Wiffen Smashes Field to Claim Second World Title

Daniel Wiffen has won his second World Title of the week in the 1500m Freestyle this evening and has been named Male Swimmer of the Meet by World Aquatics on the final day of racing at the World Championships in Doha.

Wiffen demolished the 1500m Freestyle field, claiming the gold medal by over ten seconds in 14:34.07, a new personal best and Irish Senior Record, breaking his previous best of 14:34.91 from 2023. Germany’s Florian Wellbrock won silver in 14.44.61 with bronze going to France’s David Aubry in 14:44.85.

A delighted Wiffen spoke after the race ‘I mean that race was definitely better for me, I pb’d (personal best), I’m so happy, because after hitting that time in April (2023), it could have been a fluke, I went 14:35 at the under 23’s (Dublin, August 2023) in my home town, obviously coming here, the progression from the 400m to the 800m to the 1500m today, I’m just so happy to come away with a pb and two world titles’.

Wiffen swam much of the race out on his own, taking the lead at the 150m and building up a lead of 20 metres over his opponents that was never relinquished. On his race tactics, Wiffen said ‘I was talking about it before with my coach Andi (Manley), and we had a little bet to see if I could pb or not, but yeah 100%, go out a bit faster than everybody else and just be in my own lane, swim my own race and get out ahead and really focus on what I was going to do.’

The 22-year-old spent most of race inside world record pace; he is now the fifth fastest swimmer ever in the event with this time and has a target on Sun Yang’s 2012 World Record of 14:31.02 ‘Yeah 100%, it’s definitely one of my goals to try and beat that at some point, I mean I’m only 22, I have at least another eight years, another couple of Olympics in me, I’m sure it will go at some stage and I hope to be the person to do it’.

Mona McSharry, competing in her third final of the week, was eighth in the 50m Breaststroke Final in 30.96. The 23-year-old has had an outstanding week, making finals in the 50m, 100m and 200m Breaststroke with fifth place finishes in the 100m and 200m Olympic events.

Speaking after the race McSharry said ‘I think, I’m a little hard on myself and I expected a little bit more coming into this, three finals is definitely progress and being able to move along and perform well through the rounds is definitely something positive so, I’ll take that from it’.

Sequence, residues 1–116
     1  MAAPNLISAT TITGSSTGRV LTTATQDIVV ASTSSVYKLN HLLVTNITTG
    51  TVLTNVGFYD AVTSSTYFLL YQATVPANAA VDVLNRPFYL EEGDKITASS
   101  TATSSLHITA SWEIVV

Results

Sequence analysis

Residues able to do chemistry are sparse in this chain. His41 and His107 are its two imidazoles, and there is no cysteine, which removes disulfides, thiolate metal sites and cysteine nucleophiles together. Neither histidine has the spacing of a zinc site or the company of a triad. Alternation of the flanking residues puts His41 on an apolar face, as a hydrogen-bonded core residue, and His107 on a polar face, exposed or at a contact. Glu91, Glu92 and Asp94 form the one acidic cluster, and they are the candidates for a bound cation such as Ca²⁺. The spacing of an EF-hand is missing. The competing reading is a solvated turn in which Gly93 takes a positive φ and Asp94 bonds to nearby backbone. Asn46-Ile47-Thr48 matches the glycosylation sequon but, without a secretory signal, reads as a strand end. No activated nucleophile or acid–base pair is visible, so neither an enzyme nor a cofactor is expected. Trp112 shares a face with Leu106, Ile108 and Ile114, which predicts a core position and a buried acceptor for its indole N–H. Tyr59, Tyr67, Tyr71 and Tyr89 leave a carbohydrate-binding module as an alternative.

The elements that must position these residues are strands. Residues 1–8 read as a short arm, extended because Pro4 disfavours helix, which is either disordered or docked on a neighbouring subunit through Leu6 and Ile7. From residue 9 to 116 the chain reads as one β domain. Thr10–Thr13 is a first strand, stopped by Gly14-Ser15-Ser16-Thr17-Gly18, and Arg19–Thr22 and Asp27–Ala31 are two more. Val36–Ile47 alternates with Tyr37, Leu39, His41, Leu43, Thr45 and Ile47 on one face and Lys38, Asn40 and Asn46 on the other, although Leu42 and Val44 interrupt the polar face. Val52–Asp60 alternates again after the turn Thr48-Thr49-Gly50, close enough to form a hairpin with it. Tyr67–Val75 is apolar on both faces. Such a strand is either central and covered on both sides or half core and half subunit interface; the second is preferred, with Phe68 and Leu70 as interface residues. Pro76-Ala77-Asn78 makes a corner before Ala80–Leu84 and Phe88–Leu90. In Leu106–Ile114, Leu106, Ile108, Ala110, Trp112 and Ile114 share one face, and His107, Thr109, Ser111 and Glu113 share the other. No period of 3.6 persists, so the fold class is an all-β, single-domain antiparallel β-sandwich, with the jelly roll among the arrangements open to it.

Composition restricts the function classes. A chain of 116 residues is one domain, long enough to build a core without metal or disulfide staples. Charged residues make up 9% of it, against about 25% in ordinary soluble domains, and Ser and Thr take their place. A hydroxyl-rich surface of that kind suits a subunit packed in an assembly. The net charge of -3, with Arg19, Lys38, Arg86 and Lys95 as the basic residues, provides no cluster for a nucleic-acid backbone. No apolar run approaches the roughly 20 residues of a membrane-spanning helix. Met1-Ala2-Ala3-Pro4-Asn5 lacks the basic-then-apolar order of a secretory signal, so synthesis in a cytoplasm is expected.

Conor Ferguson (Backstroke), Darragh Green (Breaststroke), Max McCusker (Butterfly) and Shane Ryan (Freestyle), were seventh in the Men’s 4x100m Medley Relay in 3:35.28, just outside the 3:34.97 swam in this morning’s heats.

The Medley Relay today was an opportunity for nations to secure their places at the Paris Olympic Games, with the combined Top-16 times from Doha and the 2023 World Championships in Japan considered for invitations. As of this evening Ireland sit thirteenth (Women) and fifteenth (Men) and within the quota spots available.

Ireland still have some work to do in the Men’s relay, with two Olympic Qualification Times (OQT) required from the team in order to confirm the Olympic place when the invitation arrives. Ireland have only had one previous Male relay at an Olympic Games when the 4x200m Freestyle competed in Tokyo in 2021.

Commenting after the Men’s Medley Final McCusker said ‘We were delighted we got the relay in, it’s an individual sport and we’re all going for our own times that we need as well, but getting that relay across the line was the main goal, the main focus here. I think we’re all in good places now heading into trials as individuals.’

While they did not compete in Doha, Ireland’s Women’s 4x100m Medley Relay time of 4:01.25 from the 2023 World Championships in Fukuoka, Japan, is good enough for a quota spot for Paris 2024. Ireland already has two females with Olympic Qualification Times from that relay in Mona McSharry and Ellen Walshe. It will be Ireland’s first female relay at an Olympic Games since 1972.

Mona McSharry, who swam the Breaststroke leg in Fukuoka said ‘That’s definitely one of the positives of this competition was getting to finalise that spot and know that we’re definitely going. It’s going to be a lot of fun to compete with the girls, I think it’s the last event in Paris, so it will be nice for us all to finish together with a relay and it shows where women’s swimming is going in Ireland.’

Speaking at the conclusion of racing in Doha, Swim Ireland National Performance Director Jon Rudd said “This brings to an end a wonderful week for Irish swimming, a terrific team performance and some exceptional stand out moments across the eight days. The superlatives for Daniel Wiffen’s two gold medals this week are endless, and how he continues to inspire young Irish swimmers back at home with these swims of this nature cannot be measured. Mona McSharry has also featured in three finals this week, another tremendous achievement and for the Men’s Medley relay to make the final with yet another ‘first’ for us is outstanding. Seven finals in total for us here and another three semi-finals, with Ireland finishing tenth on the World Medal Table. At least two of our relays can now look forward to Olympic invites and our final Olympic Trials in May is set to become one of the most exciting swimming events ever to take place at the National Aquatic Centre. So, a thank you and a very well done is due to this team of terrific athletes, their coaches, and their home programmes; they have done us proud once again.”

 The next opportunity for Irish swimmers to qualify for the Paris Games will be at the Irish Open Championships and Olympic Trials, which take place at the Sport Ireland National Aquatic Centre from May 22nd – 26t

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